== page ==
International banker Credit Suisse Standard Securities gold analyst Dr David Davis says that the gold price has not been immune to the global fin-ancial crisis, but it has outperformed other commodities.
He says that the key question arising from the credit crisis is what the extent of its effects on the fundamental gold supply and demand dynamics will be, which will affect the gold price. Credit Suisse Standard Securities believes that the fallout from the credit crisis will mostly be felt on the demand side of the gold market.
Davis says that the slowdown in global gross domestic product and growth will probably affect fabrication demand, gold jewellery, electronics and other industrial components, in particular.
The bank does not believe, however, that the demand for exchange-traded funds or coin fabrication will be affected. It also believes that the supply side of the gold market, which includes mine supply and central bank supply, will decline, which does not differ from previous supply forecasts. He says that Credit Suisse Standard Securities’ calculations indicate that there will be a neutral supply-and-demand equation for 2009.
He adds that the company believes that the upward pressure on the gold price associated with a large supply deficit is now likely to be eased. Its gold price forecast has been revised down to reflect its projected downturn in demand in 2009, which has changed from $980/oz to $900/oz.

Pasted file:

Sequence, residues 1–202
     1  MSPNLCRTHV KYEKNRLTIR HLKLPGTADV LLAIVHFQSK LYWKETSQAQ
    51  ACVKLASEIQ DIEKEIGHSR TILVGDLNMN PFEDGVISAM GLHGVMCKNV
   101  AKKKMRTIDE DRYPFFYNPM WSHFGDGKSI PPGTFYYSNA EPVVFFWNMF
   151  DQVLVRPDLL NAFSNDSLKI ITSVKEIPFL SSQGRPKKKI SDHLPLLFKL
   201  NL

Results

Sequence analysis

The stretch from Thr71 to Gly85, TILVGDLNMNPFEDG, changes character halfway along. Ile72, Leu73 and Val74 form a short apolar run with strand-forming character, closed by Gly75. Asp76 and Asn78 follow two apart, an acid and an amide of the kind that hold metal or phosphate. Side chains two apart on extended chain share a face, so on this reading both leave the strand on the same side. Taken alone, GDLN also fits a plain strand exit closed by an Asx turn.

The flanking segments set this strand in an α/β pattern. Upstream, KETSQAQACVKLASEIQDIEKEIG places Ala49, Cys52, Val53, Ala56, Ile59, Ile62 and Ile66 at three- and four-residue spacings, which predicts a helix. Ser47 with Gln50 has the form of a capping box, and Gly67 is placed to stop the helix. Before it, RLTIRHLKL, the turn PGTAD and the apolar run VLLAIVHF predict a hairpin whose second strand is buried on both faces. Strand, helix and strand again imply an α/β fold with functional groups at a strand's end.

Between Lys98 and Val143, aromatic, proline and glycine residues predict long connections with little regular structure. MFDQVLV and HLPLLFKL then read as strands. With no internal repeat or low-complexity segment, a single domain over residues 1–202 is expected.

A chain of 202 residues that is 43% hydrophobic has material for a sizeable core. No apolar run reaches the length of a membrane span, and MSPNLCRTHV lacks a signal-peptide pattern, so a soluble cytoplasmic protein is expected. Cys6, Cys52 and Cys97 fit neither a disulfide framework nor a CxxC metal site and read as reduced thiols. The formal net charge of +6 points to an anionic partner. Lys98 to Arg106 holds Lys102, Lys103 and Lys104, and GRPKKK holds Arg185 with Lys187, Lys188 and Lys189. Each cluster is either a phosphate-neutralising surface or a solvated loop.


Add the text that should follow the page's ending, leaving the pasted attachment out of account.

Davis says that Credit Suisse Standard Securities continues with its outlook that the supply and demand fundamentals will remain intact for a long-term upswing in the gold price.
Meanwhile, online financial management services provider Vestact CEO Paul Theron comments that the safe haven of gold seems to be an outdated concept. He says that the gold price would be higher if this was true today, as the current credit crisis is the type of global financial climate where gold could prove itself. He adds that Vestact has been sceptical of gold companies on account of their erratic earnings record.
“Surely, the credit crunch of 2008/9 qualifies as the sort of global financial drama that the gold bugs have been waiting for?” asks Theron.
He says that concerning gold demand, supply and future prices, central banks are “the elephants in the room that nobody ever talks about”, and he says that no one knows if these will be net sellers, holders or buyers in the years ahead.